As a brighter spotlight is placed on the agriculture and natural resource industries to provide food and water security for future generations, the University of Nebraska–Lincoln’s College of Agricultural Sciences and Natural Resources is doing its part to prepare the next generation to take on this daunting task. CASNR celebrated its largest-ever graduating class in spring 2019. One of the attributes that has helped the college excel is the focus on a holistic, well-rounded experience.
“It’s important for students to take advantage of their time as a student in CASNR, to truly help them discover their unique talents and strengths” CASNR Dean Tiffany Heng-Moss said. “To guide them on this exploration, we foster an inclusive environment that empowers students to make their mark in the college, the state and the world.”
That inclusive environment goes far beyond the walls of the classroom. CASNR has created numerous opportunities for students to take advantage of their time in the college, to help them grow professionally and personally. Traveling abroad, participating in campus-based research, completing internships and engaging with the local community are common experiential learning opportunities for CASNR students.
While the experiences of CASNR grads are diverse, what unites the community is science. The foundation of all 30 degree programs offered by the college is science. Alumni have the opportunity to use the application of that science to solve grand problems and create opportunities in their professional careers.
With a wealth of diverse experiences, and a degree grounded in science, CASNR graduates are prepared to pursue careers in a variety of industries. This year’s CASNR alumni can be found in a number of places, from the classroom to the operating room and from the cornfield to the corner office.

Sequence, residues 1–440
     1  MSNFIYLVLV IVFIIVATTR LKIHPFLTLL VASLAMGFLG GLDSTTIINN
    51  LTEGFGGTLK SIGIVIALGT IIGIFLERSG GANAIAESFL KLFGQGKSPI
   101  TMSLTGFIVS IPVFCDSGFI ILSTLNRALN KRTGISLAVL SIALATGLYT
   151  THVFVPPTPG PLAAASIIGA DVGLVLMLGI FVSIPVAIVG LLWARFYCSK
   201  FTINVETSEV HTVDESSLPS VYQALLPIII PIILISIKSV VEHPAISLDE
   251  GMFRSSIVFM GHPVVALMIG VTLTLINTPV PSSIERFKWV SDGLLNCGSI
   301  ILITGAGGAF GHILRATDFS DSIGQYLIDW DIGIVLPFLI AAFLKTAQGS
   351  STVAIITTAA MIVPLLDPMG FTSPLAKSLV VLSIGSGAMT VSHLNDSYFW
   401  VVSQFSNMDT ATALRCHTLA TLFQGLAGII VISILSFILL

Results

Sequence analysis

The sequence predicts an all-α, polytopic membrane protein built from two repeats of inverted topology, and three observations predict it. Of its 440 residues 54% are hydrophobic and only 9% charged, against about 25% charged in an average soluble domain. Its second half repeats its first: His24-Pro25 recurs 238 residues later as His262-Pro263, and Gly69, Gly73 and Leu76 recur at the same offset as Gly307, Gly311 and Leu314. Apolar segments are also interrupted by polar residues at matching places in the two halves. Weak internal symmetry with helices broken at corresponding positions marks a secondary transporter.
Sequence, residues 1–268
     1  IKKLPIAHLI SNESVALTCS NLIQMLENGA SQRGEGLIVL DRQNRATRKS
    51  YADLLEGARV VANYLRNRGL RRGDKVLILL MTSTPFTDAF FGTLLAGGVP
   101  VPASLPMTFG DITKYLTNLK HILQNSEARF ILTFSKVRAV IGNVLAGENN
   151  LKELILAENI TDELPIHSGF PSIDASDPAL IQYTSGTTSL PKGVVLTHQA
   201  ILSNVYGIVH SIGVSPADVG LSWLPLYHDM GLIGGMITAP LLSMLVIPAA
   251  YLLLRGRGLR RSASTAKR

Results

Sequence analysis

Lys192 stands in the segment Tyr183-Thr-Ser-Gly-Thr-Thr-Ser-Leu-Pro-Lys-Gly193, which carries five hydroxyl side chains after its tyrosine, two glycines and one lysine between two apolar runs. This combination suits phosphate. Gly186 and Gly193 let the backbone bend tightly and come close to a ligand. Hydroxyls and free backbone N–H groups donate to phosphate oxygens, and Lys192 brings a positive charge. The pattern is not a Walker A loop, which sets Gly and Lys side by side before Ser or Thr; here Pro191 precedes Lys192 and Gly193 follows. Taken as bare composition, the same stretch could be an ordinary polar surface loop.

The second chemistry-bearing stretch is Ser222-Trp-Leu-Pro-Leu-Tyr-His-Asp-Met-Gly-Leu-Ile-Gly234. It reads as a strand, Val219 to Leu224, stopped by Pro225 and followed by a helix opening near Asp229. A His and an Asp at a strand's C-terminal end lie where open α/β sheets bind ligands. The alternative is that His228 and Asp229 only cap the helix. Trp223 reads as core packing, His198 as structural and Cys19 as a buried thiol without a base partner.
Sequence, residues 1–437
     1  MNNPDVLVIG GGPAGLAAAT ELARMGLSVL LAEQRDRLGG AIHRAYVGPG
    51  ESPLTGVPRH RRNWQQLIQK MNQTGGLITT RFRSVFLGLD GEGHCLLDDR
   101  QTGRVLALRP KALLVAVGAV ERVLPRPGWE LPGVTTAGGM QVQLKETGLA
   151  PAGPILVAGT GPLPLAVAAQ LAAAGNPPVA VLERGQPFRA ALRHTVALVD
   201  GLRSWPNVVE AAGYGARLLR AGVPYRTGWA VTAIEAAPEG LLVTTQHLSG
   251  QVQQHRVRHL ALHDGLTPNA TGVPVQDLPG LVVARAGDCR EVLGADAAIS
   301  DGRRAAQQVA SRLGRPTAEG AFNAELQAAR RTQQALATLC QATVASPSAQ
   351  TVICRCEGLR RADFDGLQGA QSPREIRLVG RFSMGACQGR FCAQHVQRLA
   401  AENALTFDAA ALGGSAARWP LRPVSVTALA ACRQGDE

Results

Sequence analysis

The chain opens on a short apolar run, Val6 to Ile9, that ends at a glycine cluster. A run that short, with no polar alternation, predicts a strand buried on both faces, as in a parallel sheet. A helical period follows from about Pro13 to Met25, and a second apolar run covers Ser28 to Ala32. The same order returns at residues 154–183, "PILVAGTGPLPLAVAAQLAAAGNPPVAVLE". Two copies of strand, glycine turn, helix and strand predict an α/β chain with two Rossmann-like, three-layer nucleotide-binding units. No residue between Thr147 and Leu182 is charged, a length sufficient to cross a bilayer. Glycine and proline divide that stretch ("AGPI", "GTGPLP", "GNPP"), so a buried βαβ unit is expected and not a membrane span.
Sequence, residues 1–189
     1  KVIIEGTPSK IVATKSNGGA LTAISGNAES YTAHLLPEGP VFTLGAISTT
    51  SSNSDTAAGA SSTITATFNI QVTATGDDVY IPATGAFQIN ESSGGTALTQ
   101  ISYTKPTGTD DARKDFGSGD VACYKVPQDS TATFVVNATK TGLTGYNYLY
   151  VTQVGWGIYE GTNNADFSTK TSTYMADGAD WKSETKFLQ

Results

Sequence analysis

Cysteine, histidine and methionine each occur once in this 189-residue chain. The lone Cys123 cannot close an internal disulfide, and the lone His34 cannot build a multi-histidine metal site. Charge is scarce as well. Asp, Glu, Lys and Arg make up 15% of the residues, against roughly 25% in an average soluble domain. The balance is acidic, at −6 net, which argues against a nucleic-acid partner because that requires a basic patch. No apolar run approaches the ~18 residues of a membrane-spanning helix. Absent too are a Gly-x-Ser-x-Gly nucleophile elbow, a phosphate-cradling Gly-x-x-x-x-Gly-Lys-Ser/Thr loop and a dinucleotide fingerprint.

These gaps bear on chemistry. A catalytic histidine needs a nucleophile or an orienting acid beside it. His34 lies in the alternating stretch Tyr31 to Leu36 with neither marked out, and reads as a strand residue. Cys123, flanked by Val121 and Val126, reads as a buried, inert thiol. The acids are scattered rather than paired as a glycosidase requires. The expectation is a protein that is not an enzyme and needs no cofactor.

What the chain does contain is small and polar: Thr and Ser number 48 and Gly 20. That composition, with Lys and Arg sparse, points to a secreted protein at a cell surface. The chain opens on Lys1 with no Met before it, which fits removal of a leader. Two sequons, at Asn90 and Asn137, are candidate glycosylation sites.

Jordan Classen, operations management associate, Cargill
When first starting to think about a career, Classen had a difficult time narrowing her interests. The mechanized systems management major from Fayetteville, North Carolina, knew she wanted to work in the agricultural industry, but didn’t know in which field. To help her turn her passion into a career path, she turned to her academic adviser.
“My adviser was able to introduce me to different industry professionals that I could learn from,” Classen said.
CASNR has a rich heritage of individualized undergraduate student advising by faculty. While CASNR’s traditional advising model has evolved to include professional advisers, the commitment to personalized advising remains a hallmark of the college.
“I really like how important every single person is in CASNR,” Classen said. “I never felt like I had to follow a cookie-cutter example, and everyone I interacted with took interest in me personally.”
This advising coupled with several on-campus experiences — such as being president of the Mechanized Systems Management Club, communications officer for the American Society of Agricultural and Biological Engineers Club, member of the quarter-scale tractor team and student ambassador for the Department of Biological Systems Engineering — prepared Classen to launch her career. During the CASNR Career Fair held on campus every fall, she connected with representatives from Cargill, which led to an internship and full-time position as an operations management associate in the Albion, Nebraska, office.
Becky Brooks, medical school student, University of Nebraska Medical Center
Brooks plans to become an oncologist or an obstetrician-gynecologist one day. The Lincoln native took her first step toward reaching this goal by pursuing a degree in biochemistry through CASNR, while minoring in chemistry, psychology and mathematics. Beyond her academic pursuits, Brooks was active on campus, serving as a New Student Enrollment orientation leader and chemistry lab teaching assistant and conducting research.